In these modern times of instant gratification, I sometimes get requests to create an identity for a client and they need it “yesterday.” They ask if I can crank it out in a couple days. Usually the answer to that question is “Sure, I can whip something up but it wont be good and you will find yourself wanting to change it in the near future.” The fact is, you are doing your business a major disservice by not thinking conceptually and strategically, and not allowing for the time and research it takes to create a meaningful logo that represents you and your business on a deeper level. Your identity is the cornerstone of your business and shouldn’t be treated as an afterthought.
The reality is, yes, I can create a logo quickly, and it might look nice, but it wont be as effective as it can be without the proper steps. Creating an effective logo takes time, diligence, and patience—and some creative, strategic thinking to boot. Bypassing this process will yield a logo that may look nice, but it wont have a leg to stand on down the line. After time, you will find yourself wanting to alter the logo because you “thought of something” that would make it resonate more with your audience. So, you want to make the change. Then you run into the issue of changing up your logo and as a result, consistency—which is fundamental to branding—is out the window. You can avoid all this by investing the time in the beginning. Don’t treat it as an after thought. Your audience will notice and your business will suffer.
All designers work differently, but any good designer will implement these steps in some fashion. My process isn’t ground-breaking or proprietary, and I don’t use a fancy acronym to name the process. It’s just a no-nonsense process that I believe is required to create something that will be beautiful, effective, and have meaning and longevity. The more time you can devote to the process, the better your logo will be.
Whether you work with me or someone else, make sure you allow the time for this process and you will see the difference it makes. If your designer isn’s asking you these questions, then you may want to think twice about what kind of outcome you will get. It may cost a little more up front, but it will more than pay for itself down the road if it is done right.
- Discovery phase –This is where I learn about your business or initiative. It is pointless for me to design something without any of this information. This all starts off with a questionnaire I give my clients. They have to do a little homework and comeback with as much information as they can. For instance, I ask them first and foremost what their business is and Why they are in that business. Of course they are in it to make a living, but what drives them to start the business. It’s the “why” of it all. This is when you can start to get an underlying theme and build something strategic that will resonate. I ask who their market is. Is it people in their 30’s looking for lavish personal gizmos? Or are they single moms in their 20’s looking to furnish their house on a shoestring budget. That’s the kind of detail we are looking for. The more detail, the better. This is what will ultimately differentiate you from your peers
- Research – Now that we have an understanding of what you and your business are all about, we need to research your product or service, how it is perceived in the industry, what your target market typically responds to, and how to differentiate you from the rest. Research usually involves lots of reading, and image research as well.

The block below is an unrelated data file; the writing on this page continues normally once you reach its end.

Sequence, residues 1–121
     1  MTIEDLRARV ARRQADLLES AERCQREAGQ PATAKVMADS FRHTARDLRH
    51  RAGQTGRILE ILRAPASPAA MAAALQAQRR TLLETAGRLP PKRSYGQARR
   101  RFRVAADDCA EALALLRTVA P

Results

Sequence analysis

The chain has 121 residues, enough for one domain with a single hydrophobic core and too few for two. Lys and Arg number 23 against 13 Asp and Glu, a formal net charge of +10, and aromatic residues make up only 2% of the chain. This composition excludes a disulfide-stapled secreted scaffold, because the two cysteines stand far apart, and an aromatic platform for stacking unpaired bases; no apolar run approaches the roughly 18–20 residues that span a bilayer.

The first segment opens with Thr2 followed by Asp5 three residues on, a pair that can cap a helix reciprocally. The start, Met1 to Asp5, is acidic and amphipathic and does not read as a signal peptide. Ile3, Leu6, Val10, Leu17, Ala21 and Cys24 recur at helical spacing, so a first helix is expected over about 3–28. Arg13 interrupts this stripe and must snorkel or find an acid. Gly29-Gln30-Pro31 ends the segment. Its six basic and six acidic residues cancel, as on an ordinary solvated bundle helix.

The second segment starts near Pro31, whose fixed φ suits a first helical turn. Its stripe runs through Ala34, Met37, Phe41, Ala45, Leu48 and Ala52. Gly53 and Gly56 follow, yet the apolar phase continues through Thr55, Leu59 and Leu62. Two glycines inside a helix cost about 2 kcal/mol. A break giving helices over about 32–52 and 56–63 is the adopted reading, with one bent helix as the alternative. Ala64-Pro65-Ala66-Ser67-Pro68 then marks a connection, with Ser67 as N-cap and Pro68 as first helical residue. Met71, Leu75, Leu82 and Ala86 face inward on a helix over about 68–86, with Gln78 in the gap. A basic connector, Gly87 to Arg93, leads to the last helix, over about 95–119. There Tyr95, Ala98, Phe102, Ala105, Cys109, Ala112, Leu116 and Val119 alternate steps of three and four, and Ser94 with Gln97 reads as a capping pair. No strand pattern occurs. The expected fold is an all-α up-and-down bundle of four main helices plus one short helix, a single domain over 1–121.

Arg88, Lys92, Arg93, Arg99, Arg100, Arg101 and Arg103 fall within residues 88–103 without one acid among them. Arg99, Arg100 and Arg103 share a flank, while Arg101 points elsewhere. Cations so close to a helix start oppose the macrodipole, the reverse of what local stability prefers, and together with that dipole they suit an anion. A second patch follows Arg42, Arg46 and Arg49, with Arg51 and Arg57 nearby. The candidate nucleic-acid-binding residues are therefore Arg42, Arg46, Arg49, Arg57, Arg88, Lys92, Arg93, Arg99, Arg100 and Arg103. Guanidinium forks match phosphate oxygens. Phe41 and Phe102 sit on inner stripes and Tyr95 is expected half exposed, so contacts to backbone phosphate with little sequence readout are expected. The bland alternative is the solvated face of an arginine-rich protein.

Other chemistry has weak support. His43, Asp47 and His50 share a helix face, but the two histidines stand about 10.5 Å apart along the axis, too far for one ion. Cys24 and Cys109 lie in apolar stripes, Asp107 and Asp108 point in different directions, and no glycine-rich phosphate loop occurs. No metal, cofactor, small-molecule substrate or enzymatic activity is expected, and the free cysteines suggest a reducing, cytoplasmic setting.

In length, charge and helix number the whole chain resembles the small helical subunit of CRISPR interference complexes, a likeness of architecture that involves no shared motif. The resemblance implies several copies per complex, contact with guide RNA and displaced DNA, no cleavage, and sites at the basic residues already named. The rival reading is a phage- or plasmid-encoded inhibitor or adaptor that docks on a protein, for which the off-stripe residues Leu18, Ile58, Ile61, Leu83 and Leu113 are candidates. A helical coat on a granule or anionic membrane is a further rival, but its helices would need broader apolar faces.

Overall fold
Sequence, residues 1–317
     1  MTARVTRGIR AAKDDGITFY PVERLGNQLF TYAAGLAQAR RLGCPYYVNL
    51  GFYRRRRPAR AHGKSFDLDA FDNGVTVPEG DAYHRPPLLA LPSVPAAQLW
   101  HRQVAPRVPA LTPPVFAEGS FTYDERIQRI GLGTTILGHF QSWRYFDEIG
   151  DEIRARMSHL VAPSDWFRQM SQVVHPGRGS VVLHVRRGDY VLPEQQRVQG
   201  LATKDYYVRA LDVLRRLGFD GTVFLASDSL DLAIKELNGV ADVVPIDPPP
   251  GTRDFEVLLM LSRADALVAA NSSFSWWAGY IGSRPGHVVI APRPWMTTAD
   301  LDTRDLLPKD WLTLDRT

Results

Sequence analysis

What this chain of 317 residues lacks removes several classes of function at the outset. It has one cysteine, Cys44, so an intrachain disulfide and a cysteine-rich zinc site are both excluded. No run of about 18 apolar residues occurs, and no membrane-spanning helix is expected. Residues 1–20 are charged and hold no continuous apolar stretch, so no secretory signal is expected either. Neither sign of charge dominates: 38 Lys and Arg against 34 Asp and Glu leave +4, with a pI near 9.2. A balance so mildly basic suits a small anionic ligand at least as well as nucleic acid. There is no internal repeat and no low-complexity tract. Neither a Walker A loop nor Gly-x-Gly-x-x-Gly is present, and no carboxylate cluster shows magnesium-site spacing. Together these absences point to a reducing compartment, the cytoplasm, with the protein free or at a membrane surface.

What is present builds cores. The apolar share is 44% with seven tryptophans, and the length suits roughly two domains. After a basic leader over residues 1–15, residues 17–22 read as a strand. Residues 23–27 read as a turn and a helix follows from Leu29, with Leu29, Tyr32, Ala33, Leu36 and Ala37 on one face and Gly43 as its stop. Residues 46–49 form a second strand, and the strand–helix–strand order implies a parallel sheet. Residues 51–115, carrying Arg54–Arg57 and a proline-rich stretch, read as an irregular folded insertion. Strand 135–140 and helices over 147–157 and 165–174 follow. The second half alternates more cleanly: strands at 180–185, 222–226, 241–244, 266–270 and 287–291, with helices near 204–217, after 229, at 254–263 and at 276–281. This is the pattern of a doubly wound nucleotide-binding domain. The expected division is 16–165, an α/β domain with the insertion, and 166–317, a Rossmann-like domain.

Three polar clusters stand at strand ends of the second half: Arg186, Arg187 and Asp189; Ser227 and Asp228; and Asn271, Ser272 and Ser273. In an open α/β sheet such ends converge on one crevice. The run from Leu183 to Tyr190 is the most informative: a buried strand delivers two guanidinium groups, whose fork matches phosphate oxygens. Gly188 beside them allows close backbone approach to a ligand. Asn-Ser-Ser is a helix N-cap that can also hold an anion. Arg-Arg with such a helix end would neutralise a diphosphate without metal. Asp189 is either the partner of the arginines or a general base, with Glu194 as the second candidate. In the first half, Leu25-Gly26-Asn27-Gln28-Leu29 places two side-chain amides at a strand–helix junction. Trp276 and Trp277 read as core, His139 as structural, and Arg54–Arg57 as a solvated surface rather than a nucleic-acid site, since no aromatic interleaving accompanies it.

- Exploratory – This step is usually done in tandem with the research phase. I Usually start with hand sketches and keep a Moleskine with me at all times (like most designers do). If something comes to mind I sketch it out or jot it down. I ask myself, “what if?” What if the logo was spelled backwards? What if it was turned on it side? What if we incorporated a monkey playing the drums? Okay maybe not that unless you were a circus performer, but you get the idea. Noting should be off limits. This is one of the most important stages of the process because it allows you to possibly connect things that otherwise wouldn’t be relatable and that is the sweet spot that can give you something amazingly creative, strategic, and original.
- Design and refine – Once we narrow down our exploration, we will refine one or more concepts. This is when we would look at several font choices and color palettes—although I usually start my logo designs in black and white so color doesn’t become a distraction to the design itself. If a logo can stand on its own in black and white, then you know you have a strong mark. Color will only enhance it. After any revisions are done, we will create an identity guidebook (a big process in and of itself and will save for another article) and finalize the file formats and color builds.
- Delivery – That’s it. The files and brand book are delivered along with instruction on how to use the logo in various formats. The identity guide book explains how the logo should be used in various scenarios.
I really tried to simplify the explanation of the process here. This process can take weeks up to months depending on the scope of the project. There is nothing more exciting than seeing a business flourish with a new identity and if it is executed correctly, it can have significant impact on the success of your business.
What has been your experience with creating your business identity? Was it painless? Did it drag on for months? Do you have any success stories?